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Incidence, radiographical features, and proposed mechanism for pneumocephalus from intravenous injection of air.

Tran P, Reed EJ, Hahn F, Lambrecht JE, McClay JC, Omojola MF - West J Emerg Med (2010)

Bottom Line: These cases are characterized clinically by the absence of signs and symptoms of pathologic pneumocephalus and radiographically by the distribution of air densities along the cranial venous system on head CTs.Idiopathic and presumed IV-induced pneumocephalus could be considered in the workup of ED patients with unexplained intracranial air on head CT if there are no findings of pathological causes for the pneumocephalus on history and physical examination and if the head CTs show a characteristic distribution of air limited to the cranial venous system.Knowledge of this clinical entity in the evaluation of ED patients with unexplained pneumocephalus can lead to more efficient emergency care and less patient anxiety.

View Article: PubMed Central - PubMed

Affiliation: University of Nebraska Medical Center, Department of Emergency Medicine, Omaha, NE.

ABSTRACT

Background: Pneumocephalus typically implies a traumatic breach in the meningeal layer or an intracranial gas-producing infection. Unexplained pneumocephalus on a head computed tomography (CT) in an emergency setting often compels emergency physicians to undertake aggressive evaluation and consultation.

Methods: In this paper, we report three cases of pneumocephalus that appear to result from retrograde injection of air through an intravenous (IV) catheter. We also performed a retrospective study to determine the incidence of presumed IV-induced pneumocephalus and etiologies of pneumocephalus in our emergency department (ED) population.

Results: The incidence of idiopathic and presumed IV-induced pneumocephalus was 0.034% among all head CTs ordered in the ED and 4.88% among cases of pneumocephalus seen in the ED. These cases are characterized clinically by the absence of signs and symptoms of pathologic pneumocephalus and radiographically by the distribution of air densities along the cranial venous system on head CTs.

Conclusion: Idiopathic and presumed IV-induced pneumocephalus could be considered in the workup of ED patients with unexplained intracranial air on head CT if there are no findings of pathological causes for the pneumocephalus on history and physical examination and if the head CTs show a characteristic distribution of air limited to the cranial venous system. Knowledge of this clinical entity in the evaluation of ED patients with unexplained pneumocephalus can lead to more efficient emergency care and less patient anxiety.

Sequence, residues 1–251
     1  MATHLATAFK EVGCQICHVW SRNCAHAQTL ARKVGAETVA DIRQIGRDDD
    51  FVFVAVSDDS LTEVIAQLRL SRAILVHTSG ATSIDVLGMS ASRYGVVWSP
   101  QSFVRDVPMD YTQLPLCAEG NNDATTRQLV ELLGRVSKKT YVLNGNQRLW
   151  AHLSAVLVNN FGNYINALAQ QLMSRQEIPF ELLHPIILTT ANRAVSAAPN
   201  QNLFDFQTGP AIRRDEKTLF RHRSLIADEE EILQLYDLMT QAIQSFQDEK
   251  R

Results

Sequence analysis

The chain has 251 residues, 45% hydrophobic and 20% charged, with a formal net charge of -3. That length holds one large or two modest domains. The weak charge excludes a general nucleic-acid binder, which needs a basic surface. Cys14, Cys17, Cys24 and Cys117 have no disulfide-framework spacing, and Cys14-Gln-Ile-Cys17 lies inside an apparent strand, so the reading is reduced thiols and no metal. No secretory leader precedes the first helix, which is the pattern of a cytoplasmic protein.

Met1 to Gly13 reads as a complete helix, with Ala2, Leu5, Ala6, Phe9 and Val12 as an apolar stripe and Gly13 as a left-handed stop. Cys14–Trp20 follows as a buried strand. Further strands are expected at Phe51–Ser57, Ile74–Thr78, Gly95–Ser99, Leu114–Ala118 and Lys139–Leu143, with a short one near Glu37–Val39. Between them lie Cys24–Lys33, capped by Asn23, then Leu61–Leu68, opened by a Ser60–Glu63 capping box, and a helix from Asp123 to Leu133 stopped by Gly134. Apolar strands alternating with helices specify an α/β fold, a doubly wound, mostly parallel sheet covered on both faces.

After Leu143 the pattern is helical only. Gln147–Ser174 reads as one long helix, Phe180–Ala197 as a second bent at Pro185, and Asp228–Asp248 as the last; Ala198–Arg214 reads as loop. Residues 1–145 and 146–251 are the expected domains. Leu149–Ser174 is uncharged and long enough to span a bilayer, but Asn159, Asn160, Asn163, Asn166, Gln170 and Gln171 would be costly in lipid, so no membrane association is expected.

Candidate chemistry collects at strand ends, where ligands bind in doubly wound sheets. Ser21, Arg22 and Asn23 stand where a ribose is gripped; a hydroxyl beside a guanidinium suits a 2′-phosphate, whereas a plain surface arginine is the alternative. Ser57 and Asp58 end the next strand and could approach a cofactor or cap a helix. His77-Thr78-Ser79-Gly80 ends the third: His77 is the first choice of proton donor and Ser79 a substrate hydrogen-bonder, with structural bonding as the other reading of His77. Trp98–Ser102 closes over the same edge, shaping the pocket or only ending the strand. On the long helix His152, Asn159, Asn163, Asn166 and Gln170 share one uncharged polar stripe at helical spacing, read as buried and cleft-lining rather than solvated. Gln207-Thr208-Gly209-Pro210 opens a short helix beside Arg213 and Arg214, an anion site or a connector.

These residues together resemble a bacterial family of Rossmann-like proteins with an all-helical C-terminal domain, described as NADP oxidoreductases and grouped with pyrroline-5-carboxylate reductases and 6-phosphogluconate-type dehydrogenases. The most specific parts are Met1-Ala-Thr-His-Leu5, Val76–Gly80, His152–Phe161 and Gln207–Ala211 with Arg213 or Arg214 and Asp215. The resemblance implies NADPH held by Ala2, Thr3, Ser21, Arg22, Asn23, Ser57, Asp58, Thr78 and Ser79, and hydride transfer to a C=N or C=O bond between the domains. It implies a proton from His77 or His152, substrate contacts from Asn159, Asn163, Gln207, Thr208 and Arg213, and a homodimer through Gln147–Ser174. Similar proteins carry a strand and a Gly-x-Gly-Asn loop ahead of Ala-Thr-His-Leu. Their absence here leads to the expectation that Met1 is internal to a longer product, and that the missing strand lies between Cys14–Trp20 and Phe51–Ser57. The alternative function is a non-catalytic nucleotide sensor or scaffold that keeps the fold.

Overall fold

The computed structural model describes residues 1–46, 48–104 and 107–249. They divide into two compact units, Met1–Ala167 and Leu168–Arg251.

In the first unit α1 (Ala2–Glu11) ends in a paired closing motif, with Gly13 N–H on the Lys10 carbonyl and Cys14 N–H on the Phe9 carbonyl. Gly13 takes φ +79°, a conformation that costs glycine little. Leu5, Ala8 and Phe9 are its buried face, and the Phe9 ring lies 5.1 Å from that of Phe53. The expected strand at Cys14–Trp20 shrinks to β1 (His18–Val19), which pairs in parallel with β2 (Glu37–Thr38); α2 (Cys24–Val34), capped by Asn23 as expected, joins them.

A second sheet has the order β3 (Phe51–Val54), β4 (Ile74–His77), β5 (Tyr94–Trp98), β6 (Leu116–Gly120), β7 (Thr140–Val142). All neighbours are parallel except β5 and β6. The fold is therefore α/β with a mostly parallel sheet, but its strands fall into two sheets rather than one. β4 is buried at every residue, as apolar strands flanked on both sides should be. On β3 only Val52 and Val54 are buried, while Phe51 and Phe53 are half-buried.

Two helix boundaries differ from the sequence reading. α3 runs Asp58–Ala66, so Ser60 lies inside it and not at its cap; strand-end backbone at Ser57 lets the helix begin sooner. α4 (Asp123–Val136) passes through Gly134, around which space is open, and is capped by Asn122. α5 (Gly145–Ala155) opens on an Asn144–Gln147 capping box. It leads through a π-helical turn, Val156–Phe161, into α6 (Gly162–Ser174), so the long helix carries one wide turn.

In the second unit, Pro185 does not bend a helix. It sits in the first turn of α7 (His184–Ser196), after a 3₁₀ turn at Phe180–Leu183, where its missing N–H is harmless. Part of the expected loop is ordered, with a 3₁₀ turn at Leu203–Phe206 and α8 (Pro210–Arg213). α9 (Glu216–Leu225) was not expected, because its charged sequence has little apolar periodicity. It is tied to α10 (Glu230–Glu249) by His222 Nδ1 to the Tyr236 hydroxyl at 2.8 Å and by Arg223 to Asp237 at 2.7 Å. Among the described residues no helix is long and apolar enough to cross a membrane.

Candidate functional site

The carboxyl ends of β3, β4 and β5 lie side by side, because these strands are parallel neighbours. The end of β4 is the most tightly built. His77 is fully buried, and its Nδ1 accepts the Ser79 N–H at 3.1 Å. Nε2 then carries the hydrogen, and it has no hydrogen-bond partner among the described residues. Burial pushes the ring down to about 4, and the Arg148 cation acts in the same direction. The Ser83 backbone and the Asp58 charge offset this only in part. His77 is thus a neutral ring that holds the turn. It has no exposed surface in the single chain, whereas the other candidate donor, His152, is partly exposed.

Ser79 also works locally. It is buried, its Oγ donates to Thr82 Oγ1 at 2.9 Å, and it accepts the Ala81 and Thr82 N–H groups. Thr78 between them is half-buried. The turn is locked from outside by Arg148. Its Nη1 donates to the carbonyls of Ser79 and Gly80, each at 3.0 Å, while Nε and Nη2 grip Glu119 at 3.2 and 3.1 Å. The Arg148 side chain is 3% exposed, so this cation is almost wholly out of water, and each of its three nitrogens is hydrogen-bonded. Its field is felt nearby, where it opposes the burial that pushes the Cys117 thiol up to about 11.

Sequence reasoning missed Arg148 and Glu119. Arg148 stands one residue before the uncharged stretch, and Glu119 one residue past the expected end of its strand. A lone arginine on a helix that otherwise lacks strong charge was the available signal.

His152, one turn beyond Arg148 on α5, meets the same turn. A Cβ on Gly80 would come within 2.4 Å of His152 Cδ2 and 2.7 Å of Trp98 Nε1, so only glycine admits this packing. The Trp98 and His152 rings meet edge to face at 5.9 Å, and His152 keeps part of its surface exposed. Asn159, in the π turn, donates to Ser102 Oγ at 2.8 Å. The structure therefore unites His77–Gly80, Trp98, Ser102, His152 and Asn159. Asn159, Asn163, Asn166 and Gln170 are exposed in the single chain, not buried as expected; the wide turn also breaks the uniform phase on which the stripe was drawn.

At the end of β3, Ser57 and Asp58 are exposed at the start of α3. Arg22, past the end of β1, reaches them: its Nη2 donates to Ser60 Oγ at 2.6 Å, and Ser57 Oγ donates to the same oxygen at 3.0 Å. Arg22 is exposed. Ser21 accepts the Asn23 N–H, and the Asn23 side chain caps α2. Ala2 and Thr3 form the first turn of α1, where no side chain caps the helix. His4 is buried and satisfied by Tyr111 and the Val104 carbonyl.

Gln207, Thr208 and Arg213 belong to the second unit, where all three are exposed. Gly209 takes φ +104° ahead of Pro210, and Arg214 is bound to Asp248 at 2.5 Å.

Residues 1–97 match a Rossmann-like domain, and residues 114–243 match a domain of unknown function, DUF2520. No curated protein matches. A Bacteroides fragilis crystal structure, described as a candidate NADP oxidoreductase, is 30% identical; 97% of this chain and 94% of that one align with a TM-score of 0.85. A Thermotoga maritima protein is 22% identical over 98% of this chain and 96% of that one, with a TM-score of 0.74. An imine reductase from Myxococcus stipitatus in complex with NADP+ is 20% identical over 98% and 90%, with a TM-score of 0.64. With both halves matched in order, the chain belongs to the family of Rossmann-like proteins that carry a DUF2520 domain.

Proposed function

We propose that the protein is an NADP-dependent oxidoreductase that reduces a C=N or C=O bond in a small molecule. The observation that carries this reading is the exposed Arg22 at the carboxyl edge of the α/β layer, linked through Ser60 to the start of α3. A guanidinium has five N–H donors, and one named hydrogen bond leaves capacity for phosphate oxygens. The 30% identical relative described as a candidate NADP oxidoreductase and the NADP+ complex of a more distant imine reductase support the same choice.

No MeSH data available.


Related in: MedlinePlus

Axial (A), coronal (B) and sagittal (C) computed tomography reformatted views of soft tissue of the neck, showing contrast flow cephalad into the left internal (white arrowheads) and external jugular veins (black arrowheads) during a left upper extremity contrast injection for a head and neck computed tomography angiogram (white arrowheads: internal jugular, black arrowheads: external jugular).
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f5-wjem-11-180: Axial (A), coronal (B) and sagittal (C) computed tomography reformatted views of soft tissue of the neck, showing contrast flow cephalad into the left internal (white arrowheads) and external jugular veins (black arrowheads) during a left upper extremity contrast injection for a head and neck computed tomography angiogram (white arrowheads: internal jugular, black arrowheads: external jugular).

Mentions: Having considered the standard causes for pneumocephalus, the consensus among the neurosurgical and neuroradiological consultants was that these three cases of idiopathic pneumocephalus occurred as a result of the injection of air into the IV. While infusion from a peripheral IV site in the upper extremities normally travels through the axillary, subclavian, and brachiocephalic veins to empty into the superior vena cava (SVC), the infusion can also flow cephalad through the internal/external jugular veins to the cranial venous system under certain clinical situations (Valsalva maneuvers as in coughing, stenotic brachiocephalic vein, partially obstructed SVC, or low flow state as in heart failure). We have documented CT images of retrograde flow of contrast dye from a peripheral IV site into the internal and external jugular venous system (Figure 5). Since air is lighter than blood, which in turn is lighter than contrast, under similar clinical situations, air bubbles can flow retrograde up through the jugular veins with less difficulty than contrast dye, especially in patients who are in a reclining position (due to the buoyancy force). Once in the jugular veins, air continues its ascension in those patients who are in reclining position to accumulate in the highest areas of the head: the orbital veins, cavernous sinuses, frontal venous system, petrosal sinuses, and the superficial temporal veins. This is what we observed in Figures 1–3.